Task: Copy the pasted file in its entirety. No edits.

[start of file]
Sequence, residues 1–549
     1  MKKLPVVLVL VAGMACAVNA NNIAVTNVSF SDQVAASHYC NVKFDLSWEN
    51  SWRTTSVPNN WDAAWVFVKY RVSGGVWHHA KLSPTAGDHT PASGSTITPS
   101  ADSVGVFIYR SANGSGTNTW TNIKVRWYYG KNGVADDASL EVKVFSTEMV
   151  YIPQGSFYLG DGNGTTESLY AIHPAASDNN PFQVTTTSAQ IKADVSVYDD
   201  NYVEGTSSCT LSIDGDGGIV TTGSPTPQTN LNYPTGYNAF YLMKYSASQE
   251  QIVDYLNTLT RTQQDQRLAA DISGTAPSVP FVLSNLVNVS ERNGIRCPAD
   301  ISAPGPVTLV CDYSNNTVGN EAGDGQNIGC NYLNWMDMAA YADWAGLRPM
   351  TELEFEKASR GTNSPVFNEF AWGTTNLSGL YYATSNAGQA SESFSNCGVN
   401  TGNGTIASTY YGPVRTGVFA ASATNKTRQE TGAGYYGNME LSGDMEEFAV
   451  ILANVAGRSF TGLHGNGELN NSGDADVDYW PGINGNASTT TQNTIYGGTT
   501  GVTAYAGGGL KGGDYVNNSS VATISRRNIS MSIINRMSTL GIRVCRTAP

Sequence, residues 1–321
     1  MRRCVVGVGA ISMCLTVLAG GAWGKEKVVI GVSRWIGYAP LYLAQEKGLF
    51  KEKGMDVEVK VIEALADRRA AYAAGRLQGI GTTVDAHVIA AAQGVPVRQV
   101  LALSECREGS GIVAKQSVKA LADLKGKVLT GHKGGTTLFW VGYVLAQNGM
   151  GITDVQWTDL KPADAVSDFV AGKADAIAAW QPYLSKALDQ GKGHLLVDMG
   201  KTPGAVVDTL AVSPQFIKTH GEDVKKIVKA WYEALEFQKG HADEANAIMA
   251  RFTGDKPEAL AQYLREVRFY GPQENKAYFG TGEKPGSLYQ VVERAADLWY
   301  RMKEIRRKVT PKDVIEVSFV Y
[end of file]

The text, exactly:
Sequence, residues 1–549
     1  MKKLPVVLVL VAGMACAVNA NNIAVTNVSF SDQVAASHYC NVKFDLSWEN
    51  SWRTTSVPNN WDAAWVFVKY RVSGGVWHHA KLSPTAGDHT PASGSTITPS
   101  ADSVGVFIYR SANGSGTNTW TNIKVRWYYG KNGVADDASL EVKVFSTEMV
   151  YIPQGSFYLG DGNGTTESLY AIHPAASDNN PFQVTTTSAQ IKADVSVYDD
   201  NYVEGTSSCT LSIDGDGGIV TTGSPTPQTN LNYPTGYNAF YLMKYSASQE
   251  QIVDYLNTLT RTQQDQRLAA DISGTAPSVP FVLSNLVNVS ERNGIRCPAD
   301  ISAPGPVTLV CDYSNNTVGN EAGDGQNIGC NYLNWMDMAA YADWAGLRPM
   351  TELEFEKASR GTNSPVFNEF AWGTTNLSGL YYATSNAGQA SESFSNCGVN
   401  TGNGTIASTY YGPVRTGVFA ASATNKTRQE TGAGYYGNME LSGDMEEFAV
   451  ILANVAGRSF TGLHGNGELN NSGDADVDYW PGINGNASTT TQNTIYGGTT
   501  GVTAYAGGGL KGGDYVNNSS VATISRRNIS MSIINRMSTL GIRVCRTAP

Sequence, residues 1–321
     1  MRRCVVGVGA ISMCLTVLAG GAWGKEKVVI GVSRWIGYAP LYLAQEKGLF
    51  KEKGMDVEVK VIEALADRRA AYAAGRLQGI GTTVDAHVIA AAQGVPVRQV
   101  LALSECREGS GIVAKQSVKA LADLKGKVLT GHKGGTTLFW VGYVLAQNGM
   151  GITDVQWTDL KPADAVSDFV AGKADAIAAW QPYLSKALDQ GKGHLLVDMG
   201  KTPGAVVDTL AVSPQFIKTH GEDVKKIVKA WYEALEFQKG HADEANAIMA
   251  RFTGDKPEAL AQYLREVRFY GPQENKAYFG TGEKPGSLYQ VVERAADLWY
   301  RMKEIRRKVT PKDVIEVSFV Y